On housing like everything else, Hochul must focus on winning policy
Ahead of her state budget proposal, Governor Kathy Hochul promised “bold solutions” to tackle New York’s housing problem, only to present plans with major problems of their own.
In response, the legislature introduced its own flawed budget bills.
The impasse may not be resolved by the official April 1 deadline.
The state housing problem is not new. Ideas to fix it have been circulating for years.
Procrastination and indecision have fueled crises of affordability and apartment shortages.
Hochul’s Housing Compact proposes to build 800,000 new units statewide over 10 years.
But the authors of the plan seemed to completely ignore the political stakes.
A main element should be a no-brainer: Renew or replace the 421-a tax abatement for city developers, which the Legislature let die last year because mainstream progressives hate anything resembling “tax relief for the rich.” .
The fact is, the default property tax on new housing is so high that no one will build anything but high-end apartment buildings without interruption.
The “lost” 421-a tax payments were an illusion, because you can’t tax something that isn’t built.
Because it incentivized developers to build low-end units, the 421-a break was responsible for 75% of affordable units added in New York over the past 20 years.
Hochul asked the legislature to temporarily renew him or propose a real replacement now.
The best it’s gotten so far is letting the devs come begging one by one for one-off breaks, probably with new terms.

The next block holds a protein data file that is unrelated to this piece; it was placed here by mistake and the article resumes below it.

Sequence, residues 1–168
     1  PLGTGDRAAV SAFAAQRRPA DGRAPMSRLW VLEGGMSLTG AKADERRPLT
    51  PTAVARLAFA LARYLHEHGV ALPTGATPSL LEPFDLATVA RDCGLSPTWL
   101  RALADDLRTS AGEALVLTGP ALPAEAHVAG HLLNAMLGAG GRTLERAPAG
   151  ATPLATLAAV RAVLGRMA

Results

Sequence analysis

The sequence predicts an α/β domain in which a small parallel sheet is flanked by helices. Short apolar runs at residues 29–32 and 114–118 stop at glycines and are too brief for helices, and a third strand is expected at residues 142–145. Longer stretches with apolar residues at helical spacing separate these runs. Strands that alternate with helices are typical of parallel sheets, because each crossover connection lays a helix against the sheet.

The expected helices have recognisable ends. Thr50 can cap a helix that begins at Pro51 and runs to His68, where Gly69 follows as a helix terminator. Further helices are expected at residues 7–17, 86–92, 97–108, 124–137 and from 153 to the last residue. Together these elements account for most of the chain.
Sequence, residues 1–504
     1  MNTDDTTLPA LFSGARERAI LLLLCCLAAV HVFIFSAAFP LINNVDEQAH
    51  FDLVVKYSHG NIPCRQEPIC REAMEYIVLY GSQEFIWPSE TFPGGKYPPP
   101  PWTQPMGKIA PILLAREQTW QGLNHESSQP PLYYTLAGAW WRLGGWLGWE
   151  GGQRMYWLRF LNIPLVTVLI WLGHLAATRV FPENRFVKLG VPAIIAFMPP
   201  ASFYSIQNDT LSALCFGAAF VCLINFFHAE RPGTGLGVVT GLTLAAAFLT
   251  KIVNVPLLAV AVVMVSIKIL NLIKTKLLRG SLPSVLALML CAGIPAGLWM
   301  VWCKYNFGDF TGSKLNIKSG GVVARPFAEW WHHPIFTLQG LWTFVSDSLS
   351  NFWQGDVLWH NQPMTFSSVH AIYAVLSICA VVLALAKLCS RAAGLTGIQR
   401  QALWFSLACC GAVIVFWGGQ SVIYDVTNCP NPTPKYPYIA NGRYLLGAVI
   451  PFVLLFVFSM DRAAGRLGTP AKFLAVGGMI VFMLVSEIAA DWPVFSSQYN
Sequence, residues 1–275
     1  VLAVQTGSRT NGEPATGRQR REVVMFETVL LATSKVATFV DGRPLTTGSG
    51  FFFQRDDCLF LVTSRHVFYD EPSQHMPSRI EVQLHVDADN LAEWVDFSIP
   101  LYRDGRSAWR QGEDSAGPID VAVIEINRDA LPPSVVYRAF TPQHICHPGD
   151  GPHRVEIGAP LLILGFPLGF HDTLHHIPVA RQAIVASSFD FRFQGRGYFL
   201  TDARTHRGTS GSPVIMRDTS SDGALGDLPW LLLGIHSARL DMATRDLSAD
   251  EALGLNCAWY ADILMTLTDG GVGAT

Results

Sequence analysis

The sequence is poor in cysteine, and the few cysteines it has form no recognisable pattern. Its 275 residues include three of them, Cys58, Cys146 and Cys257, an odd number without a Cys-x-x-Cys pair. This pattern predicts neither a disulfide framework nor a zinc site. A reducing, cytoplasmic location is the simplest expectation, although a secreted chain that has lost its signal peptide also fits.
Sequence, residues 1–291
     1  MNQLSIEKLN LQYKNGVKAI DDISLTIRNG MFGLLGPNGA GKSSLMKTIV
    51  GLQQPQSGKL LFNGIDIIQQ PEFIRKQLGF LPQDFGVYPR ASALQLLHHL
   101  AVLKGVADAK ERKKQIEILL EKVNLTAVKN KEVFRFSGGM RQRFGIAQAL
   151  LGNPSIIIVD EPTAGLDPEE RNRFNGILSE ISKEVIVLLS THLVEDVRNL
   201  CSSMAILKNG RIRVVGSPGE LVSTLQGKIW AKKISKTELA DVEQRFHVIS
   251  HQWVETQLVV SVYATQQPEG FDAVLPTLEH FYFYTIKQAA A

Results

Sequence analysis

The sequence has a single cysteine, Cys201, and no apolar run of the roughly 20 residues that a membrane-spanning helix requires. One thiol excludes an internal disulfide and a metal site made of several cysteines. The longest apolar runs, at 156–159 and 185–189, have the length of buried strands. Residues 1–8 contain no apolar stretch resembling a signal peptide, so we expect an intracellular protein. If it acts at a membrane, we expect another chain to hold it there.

Even more naive was the plan’s proposal to let the state override local zoning to mandate higher-density housing in suburban communities, towns, and villages.
Naturally, suburban lawmakers from both parties are united against this — and, since the suburbs are the main seesaw zone between Republicans and Democrats, neither party will bite.
Instead, the House and Senate counter-proposals create a $500 million fund that communities can apply for to 1) create a housing plan and then 2) pay for its implementation.
It’s a recipe for more spending that doesn’t do the job, just like all the billions New York has squandered on retail “economic development” boondoggles.
Perhaps worst of all, the hard left is offering support for Hochul’s zoning override idea if it passes the “Good Cause Eviction” bill to impose statewide rent controls – which kill more housing than it hopes to create.
If the government wants to get anything, it will have to choose.
Unless the “good cause” is a devil’s bargain, her best hope is to focus on a 421-a extension for the five years she’s offered.
She’ll have to fight for it, delaying the budget for weeks (as she will also for her other best ideas, on charter schools and a little solution to the law without bail), but she can win while she can. rallying moderate Democrats and most Republicans to stop Democratic supermajorities in the Assembly and state Senate from imposing the left’s vision over its vetoes.
This will force him to build relationships with these moderates, but it’s literally his only way forward.
Start doing smart politics, government, or you’ll soon be just a figurehead.
New York Post